Apple's (NASDAQ:AAPL) share of the global smartphone market is slipping. According to research firm IDC, just 11.7% of the smartphones shipped last quarter used Apple's iOS, a 1.3% decline from the same period last year.

Google's (NASDAQ:GOOG) (NASDAQ:GOOGL) Android, meanwhile, continues to grow rapidly despite its already massive size. Last quarter, 84.7% of the smartphones shipped globally were powered by Android, up 5.1% in the second quarter of 2013.

These numbers are far from surprising; Apple's iPhones, which sell for around $550-$600, are simply too expensive for most of the world's consumers. Android phones, in contrast, are far more affordable.

To reverse these trends, some analysts have suggested that Apple could launch a mid-range iPhone: A $200-$300 device that would compete with the iPhone's cheaper, Android-powered rivals. Andreessen Horowitz's Benedict Evans, for example, believes that such a phone would take a "big chunk" of Android's "most valuable" customers.

There's no indication that Apple would ever release such a device -- it has, in the past, disappointed analysts with its refusal to target the low-end -- but it's an idea worthy of exploration. Would a cheap iPhone crush Google's mobile ecosystem?

Android's surprisingly small middle
In short, I doubt it.

The Android ecosystem, while large, is bottom-heavy: According to IDC, of the 255.3 million Android-powered smartphones shipped last quarter, almost 60% of them cost $200 or less. Of the remaining 40%, about half sold for $400 or more.


Buyers in both groups seem unlikely to be swayed by a $300 iPhone -- those at the bottom would still find it to be too expensive, while those at the top can already afford to purchase Apple's iPhone but don't for whatever reason.

That leaves just 21.5% of the Android market. Granted, that's still a large share of the overall smartphone market -- in fact, if Apple could convert 100% of these buyers from Google's Android, it would nearly triple its current smartphone market share.

There's already a mid-range iPhone
But such an outcome seems wildly optimistic and unlikely. For starters, it's incorrect to say that Apple doesn't compete in the mid-range segment. At present, Apple offers a mid-range iPhone in the form of the iPhone 4S. Prices vary based on location, but Indian consumers can purchase the nearly three-year old iPhone for around $330.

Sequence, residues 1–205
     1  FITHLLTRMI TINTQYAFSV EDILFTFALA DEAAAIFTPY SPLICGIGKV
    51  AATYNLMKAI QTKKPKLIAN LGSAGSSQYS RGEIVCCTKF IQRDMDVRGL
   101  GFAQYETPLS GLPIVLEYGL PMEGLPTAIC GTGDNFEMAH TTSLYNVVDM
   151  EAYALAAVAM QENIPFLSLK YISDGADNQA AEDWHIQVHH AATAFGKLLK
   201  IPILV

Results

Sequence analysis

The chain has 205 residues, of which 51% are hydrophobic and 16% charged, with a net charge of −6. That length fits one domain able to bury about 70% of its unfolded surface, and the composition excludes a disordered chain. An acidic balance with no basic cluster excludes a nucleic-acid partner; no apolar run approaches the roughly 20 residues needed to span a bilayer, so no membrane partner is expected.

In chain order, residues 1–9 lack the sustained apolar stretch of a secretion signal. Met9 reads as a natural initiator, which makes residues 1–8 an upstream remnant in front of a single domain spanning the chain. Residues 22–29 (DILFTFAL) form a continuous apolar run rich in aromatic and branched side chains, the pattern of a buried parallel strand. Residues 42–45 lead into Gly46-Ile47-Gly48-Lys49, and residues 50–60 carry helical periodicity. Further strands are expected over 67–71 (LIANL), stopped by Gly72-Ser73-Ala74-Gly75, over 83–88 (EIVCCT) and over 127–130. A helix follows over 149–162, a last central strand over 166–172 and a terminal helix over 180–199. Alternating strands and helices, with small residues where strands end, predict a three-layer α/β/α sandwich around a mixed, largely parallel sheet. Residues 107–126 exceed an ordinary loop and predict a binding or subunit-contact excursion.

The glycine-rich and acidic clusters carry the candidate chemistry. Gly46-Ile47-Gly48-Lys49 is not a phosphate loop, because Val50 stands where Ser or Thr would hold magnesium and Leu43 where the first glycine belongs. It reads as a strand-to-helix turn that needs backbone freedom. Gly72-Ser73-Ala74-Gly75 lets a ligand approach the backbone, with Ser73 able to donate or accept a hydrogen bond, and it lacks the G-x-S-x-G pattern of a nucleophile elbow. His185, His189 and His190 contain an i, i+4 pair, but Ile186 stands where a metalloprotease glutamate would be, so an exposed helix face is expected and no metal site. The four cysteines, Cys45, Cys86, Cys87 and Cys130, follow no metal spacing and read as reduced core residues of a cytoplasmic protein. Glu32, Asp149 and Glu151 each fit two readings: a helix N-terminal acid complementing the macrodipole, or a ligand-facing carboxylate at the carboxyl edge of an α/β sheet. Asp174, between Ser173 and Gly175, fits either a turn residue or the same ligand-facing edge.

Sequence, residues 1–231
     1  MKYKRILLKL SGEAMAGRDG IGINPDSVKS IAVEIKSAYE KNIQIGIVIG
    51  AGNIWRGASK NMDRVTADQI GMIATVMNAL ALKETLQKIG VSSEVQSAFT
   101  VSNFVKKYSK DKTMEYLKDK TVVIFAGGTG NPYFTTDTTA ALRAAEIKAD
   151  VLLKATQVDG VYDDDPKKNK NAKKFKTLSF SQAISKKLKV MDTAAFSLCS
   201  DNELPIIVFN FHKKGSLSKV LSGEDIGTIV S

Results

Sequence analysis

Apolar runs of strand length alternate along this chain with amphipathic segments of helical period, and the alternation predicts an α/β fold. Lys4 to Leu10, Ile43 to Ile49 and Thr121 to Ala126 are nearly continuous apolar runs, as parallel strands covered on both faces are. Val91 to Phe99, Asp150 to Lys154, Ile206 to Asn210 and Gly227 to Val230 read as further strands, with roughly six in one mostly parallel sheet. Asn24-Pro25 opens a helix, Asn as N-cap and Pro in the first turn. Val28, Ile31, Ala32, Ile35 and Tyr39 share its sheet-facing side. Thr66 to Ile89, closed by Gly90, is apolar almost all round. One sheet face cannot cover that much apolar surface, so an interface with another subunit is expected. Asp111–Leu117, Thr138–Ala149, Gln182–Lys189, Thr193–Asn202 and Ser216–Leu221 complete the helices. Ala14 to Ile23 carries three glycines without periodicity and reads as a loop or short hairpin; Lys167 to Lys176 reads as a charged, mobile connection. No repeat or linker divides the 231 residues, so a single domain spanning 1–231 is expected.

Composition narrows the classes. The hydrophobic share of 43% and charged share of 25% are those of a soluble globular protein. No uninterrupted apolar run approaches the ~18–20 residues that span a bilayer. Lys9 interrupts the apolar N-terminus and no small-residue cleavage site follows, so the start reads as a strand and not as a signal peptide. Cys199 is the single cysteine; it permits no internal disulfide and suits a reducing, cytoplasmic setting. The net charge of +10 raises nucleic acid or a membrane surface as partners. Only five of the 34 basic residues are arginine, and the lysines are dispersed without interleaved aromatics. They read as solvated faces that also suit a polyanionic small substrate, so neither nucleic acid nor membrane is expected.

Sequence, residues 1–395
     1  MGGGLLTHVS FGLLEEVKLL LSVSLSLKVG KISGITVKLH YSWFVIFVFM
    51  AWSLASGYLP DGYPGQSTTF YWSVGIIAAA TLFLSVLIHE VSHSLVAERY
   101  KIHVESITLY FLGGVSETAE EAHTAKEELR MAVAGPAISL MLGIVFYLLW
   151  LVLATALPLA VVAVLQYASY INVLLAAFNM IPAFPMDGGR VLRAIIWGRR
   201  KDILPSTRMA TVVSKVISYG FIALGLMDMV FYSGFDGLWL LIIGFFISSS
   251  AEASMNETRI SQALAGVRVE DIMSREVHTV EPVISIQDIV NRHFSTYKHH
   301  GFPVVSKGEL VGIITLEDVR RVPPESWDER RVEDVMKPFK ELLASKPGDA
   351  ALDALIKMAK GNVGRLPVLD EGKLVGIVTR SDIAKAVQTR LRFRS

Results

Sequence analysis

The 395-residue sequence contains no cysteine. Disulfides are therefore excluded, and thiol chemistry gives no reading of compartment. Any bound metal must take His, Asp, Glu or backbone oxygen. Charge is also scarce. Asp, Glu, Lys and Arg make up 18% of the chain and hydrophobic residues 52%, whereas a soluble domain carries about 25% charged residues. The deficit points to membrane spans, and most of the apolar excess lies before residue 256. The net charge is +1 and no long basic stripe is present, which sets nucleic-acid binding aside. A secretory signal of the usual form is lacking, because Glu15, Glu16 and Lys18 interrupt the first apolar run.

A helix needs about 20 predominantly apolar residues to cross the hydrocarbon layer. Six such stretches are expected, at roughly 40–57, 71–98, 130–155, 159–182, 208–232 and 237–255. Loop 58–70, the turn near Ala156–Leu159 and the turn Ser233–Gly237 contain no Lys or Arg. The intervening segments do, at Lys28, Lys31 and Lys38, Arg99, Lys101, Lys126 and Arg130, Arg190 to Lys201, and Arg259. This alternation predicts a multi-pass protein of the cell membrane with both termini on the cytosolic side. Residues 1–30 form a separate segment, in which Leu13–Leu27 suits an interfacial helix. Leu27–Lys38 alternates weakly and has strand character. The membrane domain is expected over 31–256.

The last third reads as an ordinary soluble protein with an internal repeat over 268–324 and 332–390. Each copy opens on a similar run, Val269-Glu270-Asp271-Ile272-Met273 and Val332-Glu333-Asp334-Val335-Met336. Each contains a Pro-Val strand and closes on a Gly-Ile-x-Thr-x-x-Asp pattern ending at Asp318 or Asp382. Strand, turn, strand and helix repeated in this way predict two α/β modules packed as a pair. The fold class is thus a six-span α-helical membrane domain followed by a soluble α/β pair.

According to IDC, just over 15% of Apple's iPhones retail in that mid-range, $200-$400 market segment. If affordable iPhones are already available, why aren't consumers choosing them over similarly priced handsets running Google's Android? It may be an issue of quality. Although the iPhone 4S is a fine phone even to this day, its hardware is indisputable dated, and doesn't hold up well against similarly priced Android phones -- or even much cheaper phones.

The Moto G, for example, retails for around $200 in India. Compared to Apple's iPhone 4S, it offers a larger screen and more storage. Xiaomi's Mi3 -- when it's in stock -- retails on the Indian e-commerce website Flipkart for $230. Its specs trounce Apple's iPhone 4S, with a much larger, higher-definition screen, faster processor, bigger battery and more internal storage.

The opportunity is limited
To capture that segment of the market, Apple would need to sell a mid-range phone with greater quality than what it's currently offering. It could do that, but the better a mid-range iPhone, the more Apple would run the risk of cannibalizing its high-end sales.

Even then, it's not abundantly clear that it would work. Although cheap Android phones are often stereotyped as worthless products, Xiaomi's Chinese customers are more engaged than owners of Apple's iPhone. Motorola can't say the same, but to its credit, the Moto G has received nearly universal praise.

To truly dominate Android, Apple would need to offer a high-quality iPhone at a sub-$200 price point. That's never been Apple's strategy, and it seems unlikely to change. A better mid-range iPhone could certainly expand its market share, but with higher-quality Android handsets already occupying the space, conquering the $200-$400 handset market would be no easy task.  

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Sam Mattera has no position in any stocks mentioned. The Motley Fool recommends Apple, Google (A shares), and Google (C shares). The Motley Fool owns shares of Apple, Google (A shares), and Google (C shares). Try any of our Foolish newsletter services free for 30 days. We Fools may not all hold the same opinions, but we all believe that considering a diverse range of insights makes us better investors. The Motley Fool has a disclosure policy.